Use Cold Water and Eco-Wise Detergents
Mom may have said that hot water washes best, but don’t give cold-water detergents the cold shoulder—today’s new products deliver clean laundry that’s easy on the pocketbook and the planet.
According to the U.S. Environmental Protection Agency, an average American family annually washes nearly 400 loads of laundry. Because heating the water accounts for 90 percent of the energy used by a washing machine, using only hot or warm water in a top-loading electric washer annually produces an average 2,407 pounds of CO2 pollution—equivalent to two cross-country flights.
Many conventional cold-water detergents still contain toxic chemicals that when drained, end up in waterways, creating a host of environmental woes and exposing wildlife to endocrine disruptors. For both clean and green clothes, buy biodegradable laundry detergents made with plant oils and other natural ingredients that are free of phosphates, bleach and surfactants such as petroleum-based nonylphenol ethoxylates, or NPE. Kinder to the planet, greener choices are also gentler on the skin.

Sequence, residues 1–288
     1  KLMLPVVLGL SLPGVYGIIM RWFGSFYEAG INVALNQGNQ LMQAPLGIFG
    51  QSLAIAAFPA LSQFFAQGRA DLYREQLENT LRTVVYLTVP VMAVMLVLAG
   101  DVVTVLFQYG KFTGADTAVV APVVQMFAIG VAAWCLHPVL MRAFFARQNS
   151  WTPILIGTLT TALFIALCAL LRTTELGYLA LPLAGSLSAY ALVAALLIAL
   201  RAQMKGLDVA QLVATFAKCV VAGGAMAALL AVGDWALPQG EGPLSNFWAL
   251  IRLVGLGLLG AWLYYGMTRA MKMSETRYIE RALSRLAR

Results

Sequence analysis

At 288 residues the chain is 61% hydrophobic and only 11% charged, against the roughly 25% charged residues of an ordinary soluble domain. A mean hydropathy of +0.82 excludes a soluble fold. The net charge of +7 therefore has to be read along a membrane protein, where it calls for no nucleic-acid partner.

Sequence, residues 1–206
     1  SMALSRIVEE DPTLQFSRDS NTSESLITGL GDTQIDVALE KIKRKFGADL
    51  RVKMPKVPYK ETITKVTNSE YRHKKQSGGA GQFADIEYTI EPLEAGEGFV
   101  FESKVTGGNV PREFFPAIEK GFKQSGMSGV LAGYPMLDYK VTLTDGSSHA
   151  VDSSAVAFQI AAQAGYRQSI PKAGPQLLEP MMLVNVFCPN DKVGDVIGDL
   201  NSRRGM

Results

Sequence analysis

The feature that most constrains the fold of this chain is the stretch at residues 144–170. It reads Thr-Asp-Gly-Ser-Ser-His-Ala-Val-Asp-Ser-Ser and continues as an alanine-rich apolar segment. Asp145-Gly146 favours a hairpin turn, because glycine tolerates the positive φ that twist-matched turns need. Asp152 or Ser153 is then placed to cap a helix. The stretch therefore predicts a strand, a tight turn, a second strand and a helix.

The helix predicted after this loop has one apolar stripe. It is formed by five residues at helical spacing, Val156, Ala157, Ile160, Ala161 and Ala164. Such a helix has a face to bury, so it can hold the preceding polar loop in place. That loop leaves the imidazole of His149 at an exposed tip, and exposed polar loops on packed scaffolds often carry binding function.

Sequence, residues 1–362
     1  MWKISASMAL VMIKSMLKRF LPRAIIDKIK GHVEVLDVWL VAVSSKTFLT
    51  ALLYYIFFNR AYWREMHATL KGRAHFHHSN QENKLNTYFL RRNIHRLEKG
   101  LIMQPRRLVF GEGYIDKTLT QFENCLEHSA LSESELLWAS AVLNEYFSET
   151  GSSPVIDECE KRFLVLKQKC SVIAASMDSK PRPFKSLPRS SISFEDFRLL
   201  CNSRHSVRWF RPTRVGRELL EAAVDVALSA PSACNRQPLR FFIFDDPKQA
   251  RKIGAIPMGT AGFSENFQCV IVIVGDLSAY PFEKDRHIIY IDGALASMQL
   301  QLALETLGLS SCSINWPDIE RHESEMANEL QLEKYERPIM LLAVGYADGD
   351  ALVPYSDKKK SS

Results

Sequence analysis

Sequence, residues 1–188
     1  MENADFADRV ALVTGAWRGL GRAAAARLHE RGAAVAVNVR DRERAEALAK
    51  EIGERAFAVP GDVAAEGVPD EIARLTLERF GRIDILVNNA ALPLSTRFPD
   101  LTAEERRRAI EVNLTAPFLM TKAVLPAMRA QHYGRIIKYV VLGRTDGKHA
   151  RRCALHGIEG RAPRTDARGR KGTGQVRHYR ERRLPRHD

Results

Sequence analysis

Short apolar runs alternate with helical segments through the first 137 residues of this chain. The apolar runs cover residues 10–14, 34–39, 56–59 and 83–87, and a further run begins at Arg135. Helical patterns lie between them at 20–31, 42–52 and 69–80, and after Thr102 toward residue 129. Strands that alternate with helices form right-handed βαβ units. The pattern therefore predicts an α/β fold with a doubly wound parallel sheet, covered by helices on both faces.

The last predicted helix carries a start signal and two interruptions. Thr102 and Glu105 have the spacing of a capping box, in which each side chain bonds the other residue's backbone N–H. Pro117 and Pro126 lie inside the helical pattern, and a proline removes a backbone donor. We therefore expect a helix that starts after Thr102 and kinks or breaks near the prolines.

Consumers concerned about killing bacteria, dust mites and other allergens may be tempted to turn on the hot water tap for sheets, linens and underwear, but Philip Tierno, Jr., Ph.D., a professor of microbiology and pathology at the New York University School of Medicine, says that most of the hot water people use is not hot enough anyway. “You need water that’s between 140 and 150 degrees to kill germs,” he advises. Tierno, author of The Secret Life of Germs, notes that the sun is one of nature’s most efficient germ killers, so letting clothes dry outdoors is a good eco-option. “The ultraviolet radiation kills germs,” he advises, “and it’s just as effective as bleach.”
Natural disinfectants that can be added during rinsing include white vinegar (one-half cup per load); grapefruit seed extract (one teaspoon); tea tree oil (two teaspoons); and lavender or peppermint essential oil (a few drops), which also imparts a fresh fragrance.